“Look with your eyes!”
Those four simple words usually came from my father’s mouth with a tinge of agitation. If you were struggling to find something, and he knew where it was, rather than sharing that information with you, he would simply tell you to look with your eyes.
There were other gems, too – like the classic, “do you want something to cry about?” and, “come here so I can hit you” – but, “look with your eyes” just strikes a chord with me.
There is something very Yogi Berra about that command, which is why, even in my 50s, it’s endearing to the point that it can almost bring a tear to my eye these days. My father is still with us, but because of the pandemic, I haven’t seen him in a year and a half. Two Father’s Days without seeing him open his gift, attempting to look delighted and surprised by the golf shirt I bought him.
Father’s Day, as it turns out, did not officially become a thing until a good 50 years after Mother’s Day. People campaigned for it, even celebrated it around the country, but getting Father’s Day proclaimed an official holiday took some doing.
Woodrow Wilson first attempted in 1916, but Congress did not like that idea, fearing it would become too commercialized. Finally, Richard Nixon signed Father’s Day into law as a national holiday in 1972.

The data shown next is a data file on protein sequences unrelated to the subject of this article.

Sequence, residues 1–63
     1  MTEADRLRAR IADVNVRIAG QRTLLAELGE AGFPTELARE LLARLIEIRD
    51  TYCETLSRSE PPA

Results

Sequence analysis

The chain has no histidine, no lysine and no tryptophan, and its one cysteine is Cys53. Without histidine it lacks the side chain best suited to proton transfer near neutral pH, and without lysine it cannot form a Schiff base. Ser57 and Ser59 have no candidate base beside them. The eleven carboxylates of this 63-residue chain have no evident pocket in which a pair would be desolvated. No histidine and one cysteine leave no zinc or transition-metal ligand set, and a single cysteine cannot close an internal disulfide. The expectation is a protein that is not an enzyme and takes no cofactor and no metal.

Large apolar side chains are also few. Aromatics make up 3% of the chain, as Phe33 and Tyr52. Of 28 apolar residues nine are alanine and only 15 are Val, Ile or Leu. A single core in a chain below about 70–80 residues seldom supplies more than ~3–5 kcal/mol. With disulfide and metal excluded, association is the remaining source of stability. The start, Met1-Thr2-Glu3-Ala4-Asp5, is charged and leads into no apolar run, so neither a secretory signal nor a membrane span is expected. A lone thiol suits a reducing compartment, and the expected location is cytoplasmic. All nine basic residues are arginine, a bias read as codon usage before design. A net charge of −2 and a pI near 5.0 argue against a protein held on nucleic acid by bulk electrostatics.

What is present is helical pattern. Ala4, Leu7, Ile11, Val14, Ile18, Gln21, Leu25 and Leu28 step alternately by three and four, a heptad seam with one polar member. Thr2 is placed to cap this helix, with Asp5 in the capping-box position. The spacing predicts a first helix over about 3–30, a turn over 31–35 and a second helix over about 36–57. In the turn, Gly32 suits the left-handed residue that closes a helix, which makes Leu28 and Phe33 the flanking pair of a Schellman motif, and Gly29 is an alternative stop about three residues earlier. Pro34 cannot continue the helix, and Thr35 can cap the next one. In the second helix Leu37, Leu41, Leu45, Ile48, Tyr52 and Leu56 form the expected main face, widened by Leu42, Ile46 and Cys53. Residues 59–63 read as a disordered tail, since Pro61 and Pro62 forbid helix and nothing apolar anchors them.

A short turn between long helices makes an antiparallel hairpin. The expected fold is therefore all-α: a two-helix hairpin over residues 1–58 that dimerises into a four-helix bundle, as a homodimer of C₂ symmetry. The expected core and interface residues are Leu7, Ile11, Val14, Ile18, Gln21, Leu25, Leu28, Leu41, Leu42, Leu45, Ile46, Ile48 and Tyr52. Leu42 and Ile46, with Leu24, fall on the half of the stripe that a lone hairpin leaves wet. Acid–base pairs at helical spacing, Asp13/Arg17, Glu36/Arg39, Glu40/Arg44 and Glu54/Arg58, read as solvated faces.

In the end, Congress was right: Father’s Day is commercialized, like just about every other national holiday. Who cares? Fathers deserve their day, too – fathers who are there for their children. Sadly, a lot of them aren’t. The U.S. Census Bureau reports that more than one in four children – 19.5 million – live in fatherless homes.
These numbers are heartbreaking, but they also remind me of how fortunate I have been in this life. I had someone there to gruffly remind me to look with my eyes, and the same man used to chase me down the driveway as I pulled out, just to make sure I was wearing my seat belt. After I’d spent hours getting dressed for prom or some other big event, he would ask, “What happened to your hair?” as I walked into the living room to show off my look.
My father did much more than torment and annoy me through my adolescence. He taught me things about life. Every Christmas, there would be a present under the tree for me, just from him. Usually, it was something he had picked up while travelling, like a doll. It always made me feel special, loved. He taught me that people need to feel valued and important. He also taught me to wash my hands, get my oil changed and pay my bills on time.
Now that we are both a little older, my father is also one of my best friends. I can tell him anything, and he will call me out on my nonsense. He also reminds me regularly that I am still his baby. And, when I need him, I know all I need to do is look with my heart … and he’ll be there.